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Old Time Trains


Canadian Pacific Railway


2816 over the years

Class H1b Montreal Locomotive Works 68535 December 1930.

2816 Empress cab interior.



2816 First engine in smoke deflector experiment 1935. Lawrence Stuckey/L.B.Chapman Collection

2816 with short-lived inboard smoke deflectors. Now with newly introduced Tuscan red and grey paint scheme for passenger service locomotives including new running board trim with number and emblem on cab along with tender trim.
Brandon, Manitoba 8/1937 Lawrence Stuckey/L.B.Chapman Collection

2816 in fast freight service with standard smoke deflectors again. By this time Royal Hudsons were replacing older H-1's in passenger service. Bill Paul/L.B.Chapman Collection

2816 back on passenger in War time. Flat illuminated number board on smokebox.
Lawrence Stuckey/L.B.Chapman Collection

2816 still in passenger service. Chatham, Ontario 4/06/1946 Collection of George Parks/L.B.Chapman

2816 when it was just another 2800. Taking water at Galt while engineer oils around.
Note smoke deflectors. April 27,1946 Harry Hart/Robin Hart Collection

John Street roundhouse, Toronto. 4/1947 Stan Styles/L.B.Chapman Collection

No. 354 eng. 2822 tender 2816! That is right. 2816 today has a tender off another 2800!
Not all that unusual since tenders were often interchangeble.
Tenders had their own builders plate as well but were often missing.

Number 354 at Three Rivers (Trois Rivieres), Quebec.
9/11/1952 Roger Boisvert/Bruce Chapman Collection

No. 20 engine 2816 eastbound at Galt no longer equipped with smoke deflectors. July 7, 1954. William I. Miller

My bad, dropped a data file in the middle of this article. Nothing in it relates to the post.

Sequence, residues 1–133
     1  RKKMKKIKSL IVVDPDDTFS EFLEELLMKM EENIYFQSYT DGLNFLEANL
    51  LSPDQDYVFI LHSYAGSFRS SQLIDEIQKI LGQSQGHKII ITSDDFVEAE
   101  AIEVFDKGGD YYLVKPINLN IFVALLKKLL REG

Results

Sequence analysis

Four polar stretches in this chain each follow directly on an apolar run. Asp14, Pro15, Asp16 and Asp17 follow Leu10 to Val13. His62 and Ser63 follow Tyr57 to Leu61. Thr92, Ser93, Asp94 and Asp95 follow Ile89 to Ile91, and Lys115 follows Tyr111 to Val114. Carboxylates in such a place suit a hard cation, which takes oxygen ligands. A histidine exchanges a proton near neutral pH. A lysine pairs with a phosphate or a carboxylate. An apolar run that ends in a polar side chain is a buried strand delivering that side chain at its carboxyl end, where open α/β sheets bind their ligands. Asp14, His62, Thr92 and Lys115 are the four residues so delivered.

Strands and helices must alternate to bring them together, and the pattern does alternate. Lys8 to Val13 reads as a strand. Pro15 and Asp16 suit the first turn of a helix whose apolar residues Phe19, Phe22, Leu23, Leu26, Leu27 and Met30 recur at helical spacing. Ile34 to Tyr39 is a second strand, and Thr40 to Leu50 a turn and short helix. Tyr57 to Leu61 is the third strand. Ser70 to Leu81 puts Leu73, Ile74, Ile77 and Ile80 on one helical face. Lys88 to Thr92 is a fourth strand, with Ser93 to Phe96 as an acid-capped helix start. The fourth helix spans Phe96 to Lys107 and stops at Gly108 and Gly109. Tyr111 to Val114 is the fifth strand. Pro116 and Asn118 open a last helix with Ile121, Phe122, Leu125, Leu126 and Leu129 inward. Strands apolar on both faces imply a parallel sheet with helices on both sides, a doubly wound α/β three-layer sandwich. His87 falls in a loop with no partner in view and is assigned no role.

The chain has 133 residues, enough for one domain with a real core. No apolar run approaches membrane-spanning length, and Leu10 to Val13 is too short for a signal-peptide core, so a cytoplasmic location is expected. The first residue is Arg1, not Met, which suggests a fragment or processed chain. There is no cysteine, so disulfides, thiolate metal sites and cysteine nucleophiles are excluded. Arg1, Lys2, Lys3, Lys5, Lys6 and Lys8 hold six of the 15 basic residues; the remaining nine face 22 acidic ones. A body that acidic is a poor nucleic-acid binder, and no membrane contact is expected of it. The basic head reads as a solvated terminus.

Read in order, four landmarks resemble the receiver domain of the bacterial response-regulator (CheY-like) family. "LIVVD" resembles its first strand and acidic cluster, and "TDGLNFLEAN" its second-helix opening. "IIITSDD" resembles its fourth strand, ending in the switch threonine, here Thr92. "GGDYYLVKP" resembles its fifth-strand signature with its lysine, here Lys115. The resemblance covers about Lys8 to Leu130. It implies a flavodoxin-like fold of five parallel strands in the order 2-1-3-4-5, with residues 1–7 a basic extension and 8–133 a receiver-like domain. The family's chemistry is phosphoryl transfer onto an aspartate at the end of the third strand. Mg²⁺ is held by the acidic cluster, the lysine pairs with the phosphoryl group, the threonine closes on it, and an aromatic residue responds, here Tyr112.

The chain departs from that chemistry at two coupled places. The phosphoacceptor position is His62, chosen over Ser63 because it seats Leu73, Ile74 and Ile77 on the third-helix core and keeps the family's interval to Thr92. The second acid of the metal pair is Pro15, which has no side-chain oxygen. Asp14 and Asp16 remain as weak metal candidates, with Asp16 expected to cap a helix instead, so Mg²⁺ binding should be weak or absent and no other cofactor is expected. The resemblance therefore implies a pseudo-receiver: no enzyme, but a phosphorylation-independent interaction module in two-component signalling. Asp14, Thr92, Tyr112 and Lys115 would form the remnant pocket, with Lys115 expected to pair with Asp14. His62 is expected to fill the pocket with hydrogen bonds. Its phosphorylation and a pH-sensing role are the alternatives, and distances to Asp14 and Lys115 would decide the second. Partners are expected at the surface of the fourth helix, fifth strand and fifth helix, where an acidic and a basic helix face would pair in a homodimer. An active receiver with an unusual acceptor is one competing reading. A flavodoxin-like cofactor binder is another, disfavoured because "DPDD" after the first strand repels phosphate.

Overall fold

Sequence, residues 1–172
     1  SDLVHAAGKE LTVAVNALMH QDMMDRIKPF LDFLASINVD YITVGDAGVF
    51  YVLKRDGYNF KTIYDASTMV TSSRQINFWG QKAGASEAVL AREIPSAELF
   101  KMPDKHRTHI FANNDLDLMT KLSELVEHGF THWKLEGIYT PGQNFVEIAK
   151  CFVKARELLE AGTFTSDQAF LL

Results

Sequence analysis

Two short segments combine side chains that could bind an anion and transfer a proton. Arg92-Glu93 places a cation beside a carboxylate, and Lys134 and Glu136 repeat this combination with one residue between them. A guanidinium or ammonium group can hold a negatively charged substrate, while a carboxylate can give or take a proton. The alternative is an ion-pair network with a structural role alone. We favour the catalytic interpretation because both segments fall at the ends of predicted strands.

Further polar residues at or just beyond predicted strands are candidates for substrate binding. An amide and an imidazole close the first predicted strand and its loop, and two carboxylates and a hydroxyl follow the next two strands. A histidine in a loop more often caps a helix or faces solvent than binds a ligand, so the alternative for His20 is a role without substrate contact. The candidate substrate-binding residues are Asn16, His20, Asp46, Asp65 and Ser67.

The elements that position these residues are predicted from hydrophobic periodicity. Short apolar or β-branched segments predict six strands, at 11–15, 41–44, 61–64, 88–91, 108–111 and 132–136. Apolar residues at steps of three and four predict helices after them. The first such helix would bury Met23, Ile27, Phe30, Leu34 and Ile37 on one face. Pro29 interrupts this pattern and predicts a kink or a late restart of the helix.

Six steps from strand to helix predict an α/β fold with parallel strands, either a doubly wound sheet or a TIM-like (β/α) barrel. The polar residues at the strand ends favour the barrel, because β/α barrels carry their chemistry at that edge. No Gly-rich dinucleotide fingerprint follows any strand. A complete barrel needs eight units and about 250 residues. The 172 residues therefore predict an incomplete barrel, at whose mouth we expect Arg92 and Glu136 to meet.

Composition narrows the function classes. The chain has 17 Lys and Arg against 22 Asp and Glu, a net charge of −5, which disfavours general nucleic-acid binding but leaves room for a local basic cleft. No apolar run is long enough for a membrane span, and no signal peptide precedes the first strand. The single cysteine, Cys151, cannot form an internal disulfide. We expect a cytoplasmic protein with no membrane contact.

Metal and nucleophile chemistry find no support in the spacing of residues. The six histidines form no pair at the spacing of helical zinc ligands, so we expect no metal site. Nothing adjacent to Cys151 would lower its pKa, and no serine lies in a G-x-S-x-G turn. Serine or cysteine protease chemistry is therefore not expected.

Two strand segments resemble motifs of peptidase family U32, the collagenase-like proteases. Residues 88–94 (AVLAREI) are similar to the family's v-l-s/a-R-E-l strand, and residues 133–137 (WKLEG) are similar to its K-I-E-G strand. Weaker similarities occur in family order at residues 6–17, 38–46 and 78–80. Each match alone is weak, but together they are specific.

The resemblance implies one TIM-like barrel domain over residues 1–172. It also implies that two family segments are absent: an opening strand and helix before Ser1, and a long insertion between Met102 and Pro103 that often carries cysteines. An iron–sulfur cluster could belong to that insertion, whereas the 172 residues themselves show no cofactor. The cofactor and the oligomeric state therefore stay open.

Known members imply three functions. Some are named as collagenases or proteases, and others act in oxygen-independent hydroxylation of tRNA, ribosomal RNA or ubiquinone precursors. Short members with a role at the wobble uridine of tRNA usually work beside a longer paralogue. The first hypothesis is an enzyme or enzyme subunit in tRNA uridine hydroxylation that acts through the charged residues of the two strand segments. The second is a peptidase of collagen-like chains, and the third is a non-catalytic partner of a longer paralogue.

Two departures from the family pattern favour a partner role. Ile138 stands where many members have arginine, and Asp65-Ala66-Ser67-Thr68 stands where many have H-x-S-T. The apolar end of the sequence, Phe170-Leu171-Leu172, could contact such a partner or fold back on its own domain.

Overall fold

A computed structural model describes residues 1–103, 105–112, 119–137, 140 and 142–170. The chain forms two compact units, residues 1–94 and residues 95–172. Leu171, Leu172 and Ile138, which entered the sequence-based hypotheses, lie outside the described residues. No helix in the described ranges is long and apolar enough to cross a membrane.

Christmas Eve Thursday, December 24, 1953 No. 629 (The Bullet) was changed from a Dayliner to conventional equipment totalling twelve cars including two RDC's. 2816 hauled that train carrying 969 passengers. Departing Toronto at 3.55 p.m. the heavy weight of the train (it would have been assisted by another passenger engine 60 miles to Orrs Lake) and the high volume of passengers all combined to make it one hour and fifty minutes late arriving at Detroit. The connection through to Chicago was still made due to a three hour and twenty minute layover departing 11.40 p.m. Public time table 1954.

2816 in a winter scene a Three Rivers, Quebec. 12/31/1958 Roger Boisvert/L.B.Chapman Collection

H1b 2816 (MLW #68535 12/1930) when it was just another 2800. Who would have ever guessed its future?
On the table at the Glen off the suburban train below. 6/22/1959 Bob Krone

2816 with suburban (commuter) train from Rigaud at Montreal West. 6/22/1959 Bob Krone

2816 Glen yard 7/1959. Note the Delaware & Hudson passenger car in background near pilot.
Jim Shaughnessy/Joseph Testagrose collection

Another shot of 2816 at the Glen. May 9, 1959



Originally preserved by F. Nelson Blount at his Steamtown USA project in Vermont.
First located in 1964 in North Walpole, New Hampshire on a
Boston & Maine branchline operating steam excursion trains from a small facility.
It was relocated in 1964 to a far bigger property across the river in Bellows Falls, Vermont
on a former Rutland branchline where he operated regular steam tourist trains to
Chester as Monadnock & Northern (a non-common carrier).
It later became Green Mountain, a new common carrier shortline formed by Blount.
Following his untimely death on August 31, 1967 when his private plane he was flying from
Bellows Falls to Edaville, his other tourist train operation, ran out of fuel and crashed,
Steamtown was closed and in 1984 relocated by the Steamtown Foundation
to Scranton, Pennsylvania at an old DL&W shop and yard becoming
Steamtown National Historic Site under the National Park Service opening in 1995.

Note: Blount acquired and operated 1246, 1278, 1293 and 2317 at Steamtown USA,
as well as CNR 47 and 89. Displays included 2816, 2929 and CNR 3377, GTW 6039.

Displayed at Steamtown USA, Bellows Falls, Vermont. July 1981.

Westbound on Galt Sub. with GO Special supporting Breakfast for Learning charity.




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